Born in San Juan in 1953 and based in New York, Giannina Braschi is a poet, essayist, and novelist. Braschi is part of the Nuyorican poetry scene starting in the 1980s with her spoken word performances and eventually publishing several poetry collections including “Asalto al tiempo” and “El imperio de los sueños”. According to her website, she “dedicates her life’s work to inspiring personal and political liberation.”

Aurora Levins Morales

Cambridge protest.

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Puerto Rican Jewish writer and poet Aurora Levins Morales is known for her works on identity, feminism and homeopathic activism.  Her acclaimed book, “Remedios: Stories of Earth and Iron from the History of Puertorriqueñas” published in 1998,  centers on medical folklore and curanderismo and curanderas erased from history. Her other books include “Telling to Live: Latina Feminist Testimonios” and her upcoming “Medicine Stories: Essays for Radicals” inspired by her own struggles with chronic illnesses.  “Because I have very little physical energy and a lot to contribute, I look for the one or two most potent molecules of what I’m thinking about, the particles that could help wake up our individual and collective immune systems. Then I potentize them through art, through metaphor, through storytelling, through posing questions and suggesting possibilities,” she said on her website.

Rosario Morales

Author and feminist poet Rosario Morales is best known for her book “Getting Home Alive” co-written with her daughter Aurora Levins Morales in 1986. The collection of essays focuses on identity specifically growing up Jewish in a Catholic society and their love for Puerto Rico in poems like “Happiness is a Coqui”. In her poem “I am What I am” she states: “I am Puerto Rican I am U.S. American… I am Boricua as Boricuas come… I am naturalized Jewish American… I am what I am. Take it or leave me alone.”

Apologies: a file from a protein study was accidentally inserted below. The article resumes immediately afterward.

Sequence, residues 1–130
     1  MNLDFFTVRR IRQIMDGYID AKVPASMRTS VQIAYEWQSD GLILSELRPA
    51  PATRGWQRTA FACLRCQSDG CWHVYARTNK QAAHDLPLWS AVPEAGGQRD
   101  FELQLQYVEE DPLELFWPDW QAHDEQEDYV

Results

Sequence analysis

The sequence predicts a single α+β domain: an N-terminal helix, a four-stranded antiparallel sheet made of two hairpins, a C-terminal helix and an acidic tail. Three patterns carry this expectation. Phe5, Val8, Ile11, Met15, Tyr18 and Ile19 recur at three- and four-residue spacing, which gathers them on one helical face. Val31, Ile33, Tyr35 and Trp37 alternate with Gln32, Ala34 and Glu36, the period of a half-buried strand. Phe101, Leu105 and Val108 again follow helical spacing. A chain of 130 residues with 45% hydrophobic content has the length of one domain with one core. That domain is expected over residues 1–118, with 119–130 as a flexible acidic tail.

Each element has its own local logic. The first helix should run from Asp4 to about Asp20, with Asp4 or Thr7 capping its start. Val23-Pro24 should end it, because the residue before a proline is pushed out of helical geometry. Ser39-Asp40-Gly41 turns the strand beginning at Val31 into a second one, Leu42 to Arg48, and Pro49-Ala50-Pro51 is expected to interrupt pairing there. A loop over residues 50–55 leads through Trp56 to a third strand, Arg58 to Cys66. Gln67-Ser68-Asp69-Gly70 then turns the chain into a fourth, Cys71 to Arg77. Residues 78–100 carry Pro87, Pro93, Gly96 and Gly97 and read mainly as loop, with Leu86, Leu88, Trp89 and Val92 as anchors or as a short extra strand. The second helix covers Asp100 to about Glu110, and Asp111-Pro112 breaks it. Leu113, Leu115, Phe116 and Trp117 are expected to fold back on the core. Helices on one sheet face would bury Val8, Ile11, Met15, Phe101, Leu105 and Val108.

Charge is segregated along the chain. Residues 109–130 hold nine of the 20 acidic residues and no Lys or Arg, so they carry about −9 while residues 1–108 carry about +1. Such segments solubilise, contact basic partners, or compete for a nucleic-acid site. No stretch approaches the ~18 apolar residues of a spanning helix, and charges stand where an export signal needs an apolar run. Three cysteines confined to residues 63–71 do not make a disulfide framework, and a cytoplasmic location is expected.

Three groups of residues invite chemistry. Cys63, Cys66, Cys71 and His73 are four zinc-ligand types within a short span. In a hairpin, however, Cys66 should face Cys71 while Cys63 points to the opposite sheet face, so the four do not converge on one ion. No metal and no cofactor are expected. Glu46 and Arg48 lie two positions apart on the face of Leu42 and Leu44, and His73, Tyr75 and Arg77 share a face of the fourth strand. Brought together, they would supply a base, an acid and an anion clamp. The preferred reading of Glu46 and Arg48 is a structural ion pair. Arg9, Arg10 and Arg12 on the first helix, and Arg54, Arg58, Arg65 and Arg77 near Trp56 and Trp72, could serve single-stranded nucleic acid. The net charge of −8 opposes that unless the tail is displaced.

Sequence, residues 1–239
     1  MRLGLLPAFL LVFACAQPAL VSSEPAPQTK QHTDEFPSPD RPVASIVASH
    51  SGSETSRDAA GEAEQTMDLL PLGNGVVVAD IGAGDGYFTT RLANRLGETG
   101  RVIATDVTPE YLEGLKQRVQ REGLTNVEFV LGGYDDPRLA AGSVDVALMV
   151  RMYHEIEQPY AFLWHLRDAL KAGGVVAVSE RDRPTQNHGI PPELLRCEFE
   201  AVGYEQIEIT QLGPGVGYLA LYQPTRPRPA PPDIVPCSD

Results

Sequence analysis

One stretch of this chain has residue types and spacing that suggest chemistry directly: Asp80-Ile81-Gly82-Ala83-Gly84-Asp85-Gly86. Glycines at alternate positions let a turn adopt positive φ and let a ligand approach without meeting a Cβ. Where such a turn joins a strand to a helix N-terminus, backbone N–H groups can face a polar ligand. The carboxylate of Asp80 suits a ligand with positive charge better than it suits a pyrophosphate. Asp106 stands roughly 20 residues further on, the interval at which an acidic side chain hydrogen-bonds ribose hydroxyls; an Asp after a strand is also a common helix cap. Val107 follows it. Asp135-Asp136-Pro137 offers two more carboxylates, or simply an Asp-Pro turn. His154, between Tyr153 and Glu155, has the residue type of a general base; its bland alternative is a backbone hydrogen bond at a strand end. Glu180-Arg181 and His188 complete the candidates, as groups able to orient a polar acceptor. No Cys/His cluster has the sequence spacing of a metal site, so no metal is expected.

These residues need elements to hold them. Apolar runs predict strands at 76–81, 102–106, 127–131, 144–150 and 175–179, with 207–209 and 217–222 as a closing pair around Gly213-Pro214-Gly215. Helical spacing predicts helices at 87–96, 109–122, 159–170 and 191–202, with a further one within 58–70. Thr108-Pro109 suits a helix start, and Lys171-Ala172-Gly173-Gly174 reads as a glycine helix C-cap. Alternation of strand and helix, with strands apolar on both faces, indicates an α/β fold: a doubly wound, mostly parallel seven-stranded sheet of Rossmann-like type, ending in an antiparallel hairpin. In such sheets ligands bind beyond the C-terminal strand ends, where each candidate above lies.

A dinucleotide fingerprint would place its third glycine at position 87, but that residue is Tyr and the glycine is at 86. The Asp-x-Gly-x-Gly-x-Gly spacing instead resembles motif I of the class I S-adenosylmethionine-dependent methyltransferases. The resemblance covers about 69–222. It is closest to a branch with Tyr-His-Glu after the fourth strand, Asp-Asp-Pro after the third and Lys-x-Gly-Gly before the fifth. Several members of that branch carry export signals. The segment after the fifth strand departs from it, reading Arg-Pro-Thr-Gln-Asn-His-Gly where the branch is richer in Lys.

Mayra Santos Febres

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Multi-award winning writer Mayra Santos-Febres, 52,  is one of Puerto Rico’s most celebrated authors. Her acclaimed 2000 debut novel “Sirena Selena Vestida de Pena” is about the world of drag queens in the Caribbean, later translated to English and published as “Sirena Selena.” Her ability to adeptly take on complex subjects is also evident in “Pez de Vidrio,” a collection of short stories exploring relationships involving race, sex, policial and social status in the Caribbean, which won the 1994 Letras de Oro literary prize. Even more, she founded the “Festival de la Palabra” with the goal being the “Internationalization of Puerto Rico and to promote reading and a better understanding of ourselves through literature.” Her more recent works include “La amante de Gardel” and “Nuestra Señora de la Noche” about Puerto Rican women in the context of power and sensuality.

Arlene Dávila

Arlene Dávila is a professor at New York University who has published five books focusing on cultural politics in Puerto Rico and the public images of Latinos among other topics. Her 2008 book “Latino Spin” provides arguments against the negative depictions of Latino immigrants and the concept that they don’t contribute to society. In 2010 it was selected as the best book in Latino Studies by the Latin American Studies Association. In “Barrio Dreams” she writes about the Puerto Rican experience in New York specifically regarding race and social status.